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Skijorring on Campbell Tract. Photo by Bob Wick (BLM).jpg

@Bob Wick (BLM)

AKLT NATIONAL SCENIC TRAIL FEASIBILITY STUDY

With the help of Senator Lisa Murkowski (THANK YOU!), on December 29th 2022 the Congress directed the Bureau of Land Management (BLM) to conduct the National Scenic Trail feasibility study for the Alaska Long Trail. 

The National Scenic Trail (NST) system comprises 11 long trails around the country, including the Appalachian Trail and Pacific Crest Trail. The NST designation opens doors to more federal funding in the future and will be critical to the development of an Alaskan long trail. The designation would also bring more nationwide recognition, leading to increased visitation and business to communities along the route. The NST designation does not set restrictions to specific trail use (motorized can be included), and decisions on the trail use are left with land managers such as municipalities, boroughs, and state and federal agencies. The feasibility study is now underway, expected to be completed by the end of 2025. We hope that the study results in a positive recommendation to the Congress to designate the Alaska Long Trail as a National Scenic Trail.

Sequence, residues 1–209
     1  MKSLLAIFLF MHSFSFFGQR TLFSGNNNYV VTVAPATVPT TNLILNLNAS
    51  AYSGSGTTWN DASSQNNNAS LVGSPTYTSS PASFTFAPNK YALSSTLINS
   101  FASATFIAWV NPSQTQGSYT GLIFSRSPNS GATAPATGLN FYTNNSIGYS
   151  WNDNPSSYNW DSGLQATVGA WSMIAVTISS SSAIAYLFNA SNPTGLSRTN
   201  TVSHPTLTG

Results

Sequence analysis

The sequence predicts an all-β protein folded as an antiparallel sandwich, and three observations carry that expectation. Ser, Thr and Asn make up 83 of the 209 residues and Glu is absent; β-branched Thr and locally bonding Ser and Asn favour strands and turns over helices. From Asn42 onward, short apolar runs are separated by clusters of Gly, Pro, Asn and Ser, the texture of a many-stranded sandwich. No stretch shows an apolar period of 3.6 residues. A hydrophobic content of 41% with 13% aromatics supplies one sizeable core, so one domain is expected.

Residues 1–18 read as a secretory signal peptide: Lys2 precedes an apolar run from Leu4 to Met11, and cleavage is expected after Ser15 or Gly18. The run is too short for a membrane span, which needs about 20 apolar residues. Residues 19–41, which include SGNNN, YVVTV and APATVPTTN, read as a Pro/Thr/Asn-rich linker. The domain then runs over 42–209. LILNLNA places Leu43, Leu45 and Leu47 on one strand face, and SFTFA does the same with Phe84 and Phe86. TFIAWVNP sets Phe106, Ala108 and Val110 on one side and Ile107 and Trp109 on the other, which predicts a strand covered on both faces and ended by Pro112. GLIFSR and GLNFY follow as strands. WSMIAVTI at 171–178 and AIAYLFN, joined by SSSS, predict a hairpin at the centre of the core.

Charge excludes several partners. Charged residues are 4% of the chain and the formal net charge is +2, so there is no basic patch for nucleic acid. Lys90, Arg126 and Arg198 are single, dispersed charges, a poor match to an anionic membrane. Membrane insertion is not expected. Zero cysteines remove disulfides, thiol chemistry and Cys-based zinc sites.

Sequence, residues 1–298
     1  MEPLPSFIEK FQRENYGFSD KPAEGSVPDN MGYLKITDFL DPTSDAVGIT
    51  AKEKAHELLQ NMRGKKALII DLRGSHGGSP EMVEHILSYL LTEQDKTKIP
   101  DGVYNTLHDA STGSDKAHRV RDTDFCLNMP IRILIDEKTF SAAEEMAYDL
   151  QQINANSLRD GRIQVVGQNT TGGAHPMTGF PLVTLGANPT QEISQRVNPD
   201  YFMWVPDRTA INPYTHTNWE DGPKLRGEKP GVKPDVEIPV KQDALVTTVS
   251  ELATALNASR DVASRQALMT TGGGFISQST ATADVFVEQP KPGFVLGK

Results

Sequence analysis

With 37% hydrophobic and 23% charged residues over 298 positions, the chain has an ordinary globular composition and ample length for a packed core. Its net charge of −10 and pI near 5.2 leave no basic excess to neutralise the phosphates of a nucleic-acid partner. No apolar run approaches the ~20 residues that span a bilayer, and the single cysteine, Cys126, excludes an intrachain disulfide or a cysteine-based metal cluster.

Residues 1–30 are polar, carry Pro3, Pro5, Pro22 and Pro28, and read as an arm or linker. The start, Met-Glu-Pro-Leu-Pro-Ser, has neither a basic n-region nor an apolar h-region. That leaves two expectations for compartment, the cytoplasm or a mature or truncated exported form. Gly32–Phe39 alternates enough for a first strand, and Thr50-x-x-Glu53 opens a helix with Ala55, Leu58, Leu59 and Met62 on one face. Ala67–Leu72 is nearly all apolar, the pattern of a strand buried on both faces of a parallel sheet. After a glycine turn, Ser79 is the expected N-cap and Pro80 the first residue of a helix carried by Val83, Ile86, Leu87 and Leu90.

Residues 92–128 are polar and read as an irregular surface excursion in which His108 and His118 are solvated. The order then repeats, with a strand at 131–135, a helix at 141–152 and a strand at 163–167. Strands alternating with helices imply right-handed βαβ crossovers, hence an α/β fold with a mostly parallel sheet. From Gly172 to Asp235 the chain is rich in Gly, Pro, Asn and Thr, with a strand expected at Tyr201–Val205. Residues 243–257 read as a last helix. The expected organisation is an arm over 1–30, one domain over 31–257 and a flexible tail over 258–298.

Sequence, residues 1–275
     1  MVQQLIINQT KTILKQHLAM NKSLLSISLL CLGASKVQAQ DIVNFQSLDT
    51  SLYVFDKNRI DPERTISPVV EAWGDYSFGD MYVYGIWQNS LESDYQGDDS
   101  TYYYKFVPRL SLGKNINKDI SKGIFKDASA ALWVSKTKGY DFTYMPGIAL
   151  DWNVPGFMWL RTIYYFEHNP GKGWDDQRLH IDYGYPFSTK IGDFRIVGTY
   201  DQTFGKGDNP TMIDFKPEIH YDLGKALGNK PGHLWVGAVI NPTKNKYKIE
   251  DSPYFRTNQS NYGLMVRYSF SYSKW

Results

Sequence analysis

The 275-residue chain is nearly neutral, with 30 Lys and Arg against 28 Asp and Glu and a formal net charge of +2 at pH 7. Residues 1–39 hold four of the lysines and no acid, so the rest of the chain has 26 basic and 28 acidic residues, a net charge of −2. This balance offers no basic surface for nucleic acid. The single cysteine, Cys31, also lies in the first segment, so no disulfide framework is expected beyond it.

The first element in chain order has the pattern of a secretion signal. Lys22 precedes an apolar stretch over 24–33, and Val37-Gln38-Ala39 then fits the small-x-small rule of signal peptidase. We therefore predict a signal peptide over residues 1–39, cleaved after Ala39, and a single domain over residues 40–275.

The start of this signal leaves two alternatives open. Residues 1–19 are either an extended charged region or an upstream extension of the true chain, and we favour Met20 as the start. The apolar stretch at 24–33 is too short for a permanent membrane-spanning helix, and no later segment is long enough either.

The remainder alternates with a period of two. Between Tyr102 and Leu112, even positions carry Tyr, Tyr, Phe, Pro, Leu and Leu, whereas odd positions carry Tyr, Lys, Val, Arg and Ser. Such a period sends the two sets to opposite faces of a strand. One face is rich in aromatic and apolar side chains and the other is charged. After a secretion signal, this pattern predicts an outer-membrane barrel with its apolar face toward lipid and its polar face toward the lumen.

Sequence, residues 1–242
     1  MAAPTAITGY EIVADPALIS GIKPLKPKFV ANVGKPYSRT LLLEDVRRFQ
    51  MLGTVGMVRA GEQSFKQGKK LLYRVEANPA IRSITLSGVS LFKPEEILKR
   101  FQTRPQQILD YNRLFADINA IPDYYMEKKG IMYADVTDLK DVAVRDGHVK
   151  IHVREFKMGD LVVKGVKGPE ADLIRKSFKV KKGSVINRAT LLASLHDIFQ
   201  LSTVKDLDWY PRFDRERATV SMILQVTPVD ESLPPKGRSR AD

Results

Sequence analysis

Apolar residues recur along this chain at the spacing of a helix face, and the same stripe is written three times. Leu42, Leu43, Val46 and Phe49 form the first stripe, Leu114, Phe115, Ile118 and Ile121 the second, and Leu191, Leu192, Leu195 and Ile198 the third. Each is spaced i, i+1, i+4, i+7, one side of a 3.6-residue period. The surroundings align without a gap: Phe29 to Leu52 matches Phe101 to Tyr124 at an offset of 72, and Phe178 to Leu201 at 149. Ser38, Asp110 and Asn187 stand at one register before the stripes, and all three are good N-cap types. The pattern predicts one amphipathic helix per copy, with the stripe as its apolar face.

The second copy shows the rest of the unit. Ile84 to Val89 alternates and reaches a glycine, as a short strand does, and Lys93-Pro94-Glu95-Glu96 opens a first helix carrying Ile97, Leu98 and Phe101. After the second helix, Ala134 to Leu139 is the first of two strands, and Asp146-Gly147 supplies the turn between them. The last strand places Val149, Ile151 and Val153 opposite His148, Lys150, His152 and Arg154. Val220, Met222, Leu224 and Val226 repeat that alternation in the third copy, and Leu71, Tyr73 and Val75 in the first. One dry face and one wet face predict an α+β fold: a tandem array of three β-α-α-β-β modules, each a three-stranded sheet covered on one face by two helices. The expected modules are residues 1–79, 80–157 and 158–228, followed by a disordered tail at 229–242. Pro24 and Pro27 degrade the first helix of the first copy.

1. What does this designation do for the Alaska Long Trail and outdoor recreation in Alaska? 

Besides offering a competitive economic benefit from increased world-wide recognition, National Scenic Trails receive federal funding for maintenance and administration. In particular, national trails are eligible for annual federal funding for trail crews to clear, brush, and perform repairs. Since the Alaska Long Trail’s proposed route passes through many of Alaska’s most used outdoor spaces, the designation would open up funding to address the existing demand on our trails infrastructure.